Hazel Clark won the 800 in 2:00.79. The American high school record is 2:00.07 by Kim Gallagher in 1982. The American record of 1:56.40 is held by Jearl Miles-Clark, set in 1999.

Lopez Lomong won the 1500 in 3:41.68, a time that pales next to Hicham El Guerrouj’s world record of 3:26.00 (1998) and Bernard Lagat’s American record of 3:29.30 (2005). Alan Webb, the American record-holder in the mile at 3:46.91 (2007), qualified in the 1500 prelims at 3:42.35, but apparently did not run in the finals. Webb could not even qualify for the U. S. team at the 2008 Beijing Olympics. A high schooler—Andrew Springer—has run 3:45.46 for the 1500 this year.

Enough examples of what is not happening. American track and field is not drawing any attention and media coverage because its athletes cannot compete at a level deserving of more attention and coverage.

If the performances by our athletes get any more underwhelming, track and field will not only enter a low point in American history, but may camp out there in the extended future.

One thing is for sure: Jeremy Wariner and Alan Webb have talent and conditioning but no one will ever figure that out unless they step onto the track to compete and, once there, believe they can win again.

Watching track and field in America right now is like giving the barn a fresh coat and then watching the paint dry. Even worse, track and field right now has the personality of an ashtray, and will soon be the butt of too many jokes among world’s elite performers.

Copyright 2012 by Ed Bagley

Karen Steen traveled from Olympia (WA) to the University of Wisconsin at Oshkosh intent on setting a world record in the 2,000-meter steeplechase, and did exactly that in one of the most exciting races at the 2009 USA Masters Outdoor Track & Field Championships. Six world records and 21 American records were set at the meet.

Steen, an outstanding runner at Pacific Lutheran University and now one of the premier runners in the Pacific Northwest, bolted to the front at Titan Stadium when the gun sounded to start her 45-49 age-group event. It was clear from the outset that if Steen set a world record under the scorching Wisconsin heat, she would run alone at the front.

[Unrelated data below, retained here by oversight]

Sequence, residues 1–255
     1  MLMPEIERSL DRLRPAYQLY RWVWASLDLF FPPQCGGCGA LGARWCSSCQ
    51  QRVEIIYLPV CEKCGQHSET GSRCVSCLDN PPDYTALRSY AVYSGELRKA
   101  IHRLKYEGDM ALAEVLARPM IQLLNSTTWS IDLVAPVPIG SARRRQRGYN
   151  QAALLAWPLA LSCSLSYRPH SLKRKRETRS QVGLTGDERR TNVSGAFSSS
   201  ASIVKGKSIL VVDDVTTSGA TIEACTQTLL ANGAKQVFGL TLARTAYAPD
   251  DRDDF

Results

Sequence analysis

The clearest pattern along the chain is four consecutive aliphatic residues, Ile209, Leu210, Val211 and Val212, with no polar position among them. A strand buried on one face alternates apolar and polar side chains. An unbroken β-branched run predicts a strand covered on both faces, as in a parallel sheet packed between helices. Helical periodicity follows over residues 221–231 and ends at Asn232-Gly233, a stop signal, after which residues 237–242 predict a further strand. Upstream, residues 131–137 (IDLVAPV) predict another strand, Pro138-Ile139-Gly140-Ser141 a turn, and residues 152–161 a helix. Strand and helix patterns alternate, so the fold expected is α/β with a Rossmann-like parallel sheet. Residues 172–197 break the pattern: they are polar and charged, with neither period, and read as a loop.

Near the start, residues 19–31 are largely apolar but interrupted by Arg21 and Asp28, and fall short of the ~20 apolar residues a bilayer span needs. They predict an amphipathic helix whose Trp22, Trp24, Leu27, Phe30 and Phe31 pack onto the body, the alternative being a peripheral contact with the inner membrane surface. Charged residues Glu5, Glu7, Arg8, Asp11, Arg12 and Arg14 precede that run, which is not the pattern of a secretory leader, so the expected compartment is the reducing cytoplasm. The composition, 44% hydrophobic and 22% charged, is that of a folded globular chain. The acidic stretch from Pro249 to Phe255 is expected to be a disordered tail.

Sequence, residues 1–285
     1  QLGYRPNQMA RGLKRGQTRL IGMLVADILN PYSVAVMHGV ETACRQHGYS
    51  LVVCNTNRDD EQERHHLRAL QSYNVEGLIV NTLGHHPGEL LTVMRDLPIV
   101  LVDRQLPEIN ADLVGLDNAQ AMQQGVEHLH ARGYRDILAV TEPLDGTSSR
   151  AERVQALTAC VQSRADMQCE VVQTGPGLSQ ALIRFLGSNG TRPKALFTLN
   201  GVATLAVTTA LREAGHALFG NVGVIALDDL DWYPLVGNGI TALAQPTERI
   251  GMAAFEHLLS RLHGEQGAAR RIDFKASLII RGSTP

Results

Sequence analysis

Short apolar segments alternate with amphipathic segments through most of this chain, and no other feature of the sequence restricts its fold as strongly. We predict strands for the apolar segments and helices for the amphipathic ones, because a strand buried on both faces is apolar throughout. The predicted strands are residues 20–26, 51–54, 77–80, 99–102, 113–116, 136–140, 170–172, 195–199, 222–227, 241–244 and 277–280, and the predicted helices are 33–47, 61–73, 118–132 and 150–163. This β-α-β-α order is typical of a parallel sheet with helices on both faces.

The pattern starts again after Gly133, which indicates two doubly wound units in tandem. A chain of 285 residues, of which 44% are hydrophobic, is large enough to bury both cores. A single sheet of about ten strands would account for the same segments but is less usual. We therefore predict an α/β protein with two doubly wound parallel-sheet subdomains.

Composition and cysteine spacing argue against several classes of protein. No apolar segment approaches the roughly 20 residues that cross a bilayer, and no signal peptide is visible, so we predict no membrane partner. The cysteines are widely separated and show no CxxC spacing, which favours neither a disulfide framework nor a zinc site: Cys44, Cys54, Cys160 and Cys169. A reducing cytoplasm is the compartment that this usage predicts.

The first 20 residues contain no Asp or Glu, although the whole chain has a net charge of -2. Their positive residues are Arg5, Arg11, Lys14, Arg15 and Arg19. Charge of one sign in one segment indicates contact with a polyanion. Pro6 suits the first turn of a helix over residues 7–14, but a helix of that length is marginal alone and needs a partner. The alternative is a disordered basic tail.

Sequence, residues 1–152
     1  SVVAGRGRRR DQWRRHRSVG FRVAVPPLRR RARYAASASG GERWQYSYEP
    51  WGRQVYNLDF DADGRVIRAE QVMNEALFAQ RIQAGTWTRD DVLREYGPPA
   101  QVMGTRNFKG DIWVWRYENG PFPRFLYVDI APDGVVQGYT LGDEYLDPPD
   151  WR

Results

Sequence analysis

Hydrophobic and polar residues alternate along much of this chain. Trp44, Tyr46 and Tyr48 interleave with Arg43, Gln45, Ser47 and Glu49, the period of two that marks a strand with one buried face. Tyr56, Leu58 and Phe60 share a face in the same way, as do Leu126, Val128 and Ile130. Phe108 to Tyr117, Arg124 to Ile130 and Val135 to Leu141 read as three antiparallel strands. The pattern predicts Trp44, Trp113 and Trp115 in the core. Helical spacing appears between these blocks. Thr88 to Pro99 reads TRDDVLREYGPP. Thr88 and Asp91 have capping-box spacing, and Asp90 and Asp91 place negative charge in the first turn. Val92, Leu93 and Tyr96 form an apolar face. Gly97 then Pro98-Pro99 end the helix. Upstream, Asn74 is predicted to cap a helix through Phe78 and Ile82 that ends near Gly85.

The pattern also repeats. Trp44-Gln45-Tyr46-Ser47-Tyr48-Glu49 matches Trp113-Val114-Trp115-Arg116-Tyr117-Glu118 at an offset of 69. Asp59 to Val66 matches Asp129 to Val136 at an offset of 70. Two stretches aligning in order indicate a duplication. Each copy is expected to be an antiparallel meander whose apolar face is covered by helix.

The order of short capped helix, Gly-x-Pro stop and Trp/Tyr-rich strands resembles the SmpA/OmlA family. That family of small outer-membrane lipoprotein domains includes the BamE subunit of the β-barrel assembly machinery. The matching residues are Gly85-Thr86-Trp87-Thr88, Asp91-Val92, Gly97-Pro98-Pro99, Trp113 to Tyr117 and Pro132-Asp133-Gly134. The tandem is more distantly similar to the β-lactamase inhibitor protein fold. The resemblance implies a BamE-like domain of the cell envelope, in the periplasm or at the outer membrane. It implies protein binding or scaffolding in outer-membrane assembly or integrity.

She was among the more than 1,000 athletes ages 30 to 95+ who competed in this 4-day meet to determine the best of the best among the nation’s runners, jumpers and throwers.

The onlookers at Steen’s record effort, including myself, were immediately aware of her presence as the track announcer was quick to point out that—after the first 400 meters of this grueling 5-lap test over 3 hurdles and a water barrier each lap—Steen was on world-record pace.

Watching her progress for 3 more laps the fans were screaming words of encouragement as she passed by, and then a rousing crescendo greeted her in the final stretch as she realized the record was hers for the taking, and roared home in 7:07.49 to break the old record by more than 9 seconds (7:16.90 by Julie Leonard of Switzerland in 2004).

Almost lost in the moment of Karen Steen’s triumphant performance was the fact that both the runner-up in the race—Andi Camp (30-34 at 7:17.28) and 3rd place finisher Lisa Valle (40-44 at 7:17.36)—were within 1 second of breaking the world record.

Steen, who averaged approximately 5:42 per mile, is no stranger to world records. In 2005, she set the world mark for 2,000-meter steeplechase in the 40-44 group by running 7:05.06.